His next directing effort, Too Late Blues (1961), was about the professional and romantic problems of a struggling jazz musician. The film was poorly received at the time, though its autobiographical elements are considered remarkable. Cassavetes then directed A Child Is Waiting (1963), which depicted life in a state institution for mentally handicapped and emotionally disturbed children. The film was a documentary-style portrayal of problems in the social services. It was praised by critics but failed at the box office.

In 1968, Cassavetes had a comeback as a director with Faces (1968), which depicts a single night in the life of a middle-aged married couple. After 14 years of marriage, the two feel rather miserable and seek happiness in the company of friends and the beds of younger lovers, but neither manages to cure their sense of misery. The film gained critical acclaim, and, in 2011, was selected for preservation in the United States National Film Registry.

Cassavetes returned to the theme of a midlife crisis in his next film, Husbands (1970). The film depicts three middle-aged men, professionally successful and seemingly happily married. The death of a close childhood friend reminds them of their own mortality, and of their fading memories of youth. They flee their ordinary lives with a shared vacation to London, but their attempts to rejuvenate themselves fail. This film attracted mixed reviews, with some critics praising its "moments of piercing honesty" and others finding fault with its rambling dialogue.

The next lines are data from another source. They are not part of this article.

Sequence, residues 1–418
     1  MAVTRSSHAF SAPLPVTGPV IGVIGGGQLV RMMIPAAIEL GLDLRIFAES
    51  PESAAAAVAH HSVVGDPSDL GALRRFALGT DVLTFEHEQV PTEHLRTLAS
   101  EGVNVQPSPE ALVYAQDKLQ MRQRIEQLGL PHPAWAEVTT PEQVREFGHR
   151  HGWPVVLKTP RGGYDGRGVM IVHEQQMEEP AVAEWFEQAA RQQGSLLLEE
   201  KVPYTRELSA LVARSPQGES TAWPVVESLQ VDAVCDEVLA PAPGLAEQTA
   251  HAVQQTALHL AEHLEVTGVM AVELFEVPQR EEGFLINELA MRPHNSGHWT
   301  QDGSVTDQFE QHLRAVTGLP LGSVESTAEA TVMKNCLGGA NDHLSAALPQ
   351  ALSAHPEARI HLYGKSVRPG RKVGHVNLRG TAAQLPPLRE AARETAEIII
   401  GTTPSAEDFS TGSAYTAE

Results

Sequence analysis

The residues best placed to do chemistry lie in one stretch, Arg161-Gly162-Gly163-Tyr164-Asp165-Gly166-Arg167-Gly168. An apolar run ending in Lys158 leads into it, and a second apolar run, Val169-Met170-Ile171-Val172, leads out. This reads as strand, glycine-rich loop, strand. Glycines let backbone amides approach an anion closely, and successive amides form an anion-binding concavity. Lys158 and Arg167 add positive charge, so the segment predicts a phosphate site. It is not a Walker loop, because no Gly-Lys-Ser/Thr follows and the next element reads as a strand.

Cassavetes's next film was Minnie and Moskowitz (1971), about the romantic relationship between a seemingly incompatible couple, jaded museum curator Minnie Moore and the temperamental drifter Seymour Moskowitz. It was well received and garnered Cassavetes a Writers Guild of America Award for Best Comedy Written Directly for the Screen. His next film was A Woman Under the Influence (1974), concerning the effects of mental illness on a working-class family. In the film, ordinary housewife Mabel Longhetti starts displaying signs of a mental disorder. She undergoes psychiatric treatment for six months while her husband, Nick Longhetti, attempts to play the role of a single father. But Nick seems to be a social misfit in his own right, and neither parent seems to be "normal". Cassavetes was nominated for an Academy Award for Best Director for this film, but the award was won by Francis Ford Coppola.

Cassavetes next directed the gritty crime film, The Killing of a Chinese Bookie (1976). In the film, Korean War veteran and cabaret owner Cosmo Vittelli owes a large debt to a criminal organization and is coerced to serve as their hit-man in an assassination scheme. He has been told that the target is an insignificant bookie, but after the assassination Vittelli learns that he just killed a high-ranking crime boss of the Chinese mafia and that he himself is now a target for assassination. The film gained good reviews and a cult following.